TORONTO – The suspension of four college professors at La Cité collégiale in Ottawa shows why college faculty must have the freedom, and the authority, to make decisions on academic matters, the Ontario Public Service Employees Union (OPSEU) says.
“La Cité has suspended four OPSEU members for standing up for the integrity of their profession,” said JP Hornick, chair of the college faculty bargaining team for OPSEU. “College administration wants faculty to say that students possess the full range of skills related to the practice of respiratory therapy whether they do or not.
“This just shows what faculty have been saying all along: college administrators are making decisions about academic programs that they are not qualified to make,” she said. “In this case, administrators are putting both students and the public in danger.”
The union has proposed that the College of Respiratory Therapists of Ontario be brought in to assist with the matter.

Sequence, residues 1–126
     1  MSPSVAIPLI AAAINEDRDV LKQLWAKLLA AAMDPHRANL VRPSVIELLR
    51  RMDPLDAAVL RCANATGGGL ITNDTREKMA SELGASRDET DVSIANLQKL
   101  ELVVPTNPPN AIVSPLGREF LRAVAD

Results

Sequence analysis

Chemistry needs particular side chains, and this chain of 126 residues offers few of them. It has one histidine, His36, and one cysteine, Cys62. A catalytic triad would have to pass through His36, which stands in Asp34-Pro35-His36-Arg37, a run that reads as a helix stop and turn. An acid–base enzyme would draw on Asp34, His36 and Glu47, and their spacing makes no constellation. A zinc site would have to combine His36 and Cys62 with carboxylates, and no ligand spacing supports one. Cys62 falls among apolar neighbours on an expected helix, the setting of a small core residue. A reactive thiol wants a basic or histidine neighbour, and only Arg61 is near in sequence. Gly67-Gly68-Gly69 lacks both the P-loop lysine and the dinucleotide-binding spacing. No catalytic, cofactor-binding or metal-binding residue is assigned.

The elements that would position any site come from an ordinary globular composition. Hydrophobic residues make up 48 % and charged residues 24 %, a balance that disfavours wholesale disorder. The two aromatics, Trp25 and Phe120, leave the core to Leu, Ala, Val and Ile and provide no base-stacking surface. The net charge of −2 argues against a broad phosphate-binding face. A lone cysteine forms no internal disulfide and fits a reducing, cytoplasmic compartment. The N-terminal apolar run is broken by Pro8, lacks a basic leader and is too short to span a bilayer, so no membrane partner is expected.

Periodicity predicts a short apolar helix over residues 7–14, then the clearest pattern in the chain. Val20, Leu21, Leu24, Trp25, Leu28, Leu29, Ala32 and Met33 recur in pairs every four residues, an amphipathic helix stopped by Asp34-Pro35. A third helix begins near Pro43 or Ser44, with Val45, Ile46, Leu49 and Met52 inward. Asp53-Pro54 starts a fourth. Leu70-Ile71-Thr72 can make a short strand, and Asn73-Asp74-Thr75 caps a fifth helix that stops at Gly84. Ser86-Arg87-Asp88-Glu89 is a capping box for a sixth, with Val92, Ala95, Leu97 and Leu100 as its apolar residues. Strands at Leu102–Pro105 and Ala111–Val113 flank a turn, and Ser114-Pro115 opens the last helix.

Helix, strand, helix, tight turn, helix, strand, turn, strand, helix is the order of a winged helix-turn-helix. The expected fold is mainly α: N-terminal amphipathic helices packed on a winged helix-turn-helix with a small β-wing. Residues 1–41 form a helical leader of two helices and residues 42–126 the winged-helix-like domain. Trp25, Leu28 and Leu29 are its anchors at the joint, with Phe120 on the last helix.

The return to work of over 12,000 faculty after a five-week strike that ended November 20 has been plagued by problems that are interfering with the colleges’ efforts to save students’ semesters, Hornick said. Bill 178, the back-to-work legislation passed November 19, requires the parties to abide by the existing faculty collective agreement, but the colleges are refusing to do so.
“Unless the colleges begin issuing new contracts and Standard Workload Forms to faculty to make up the lost time, we are heading for a crisis very soon,” she said. “Faculty are working hard to save the semester, but we will not do it in a way that violates our collective agreement or the law.”
OPSEU President Warren (Smokey) Thomas called the colleges’ antics “classic union busting.”
“The problems at La Cité, which is notoriously anti-union, are just the tip of the iceberg,” he said. “The colleges are engaging in a centrally coordinated strategy that appears designed to bust the union even if it means sacrificing education quality. That’s why I’m calling on Advanced Education Minister Deb Matthews to direct the colleges to obey Bill 178 and start cooperating with faculty to save the semester.”
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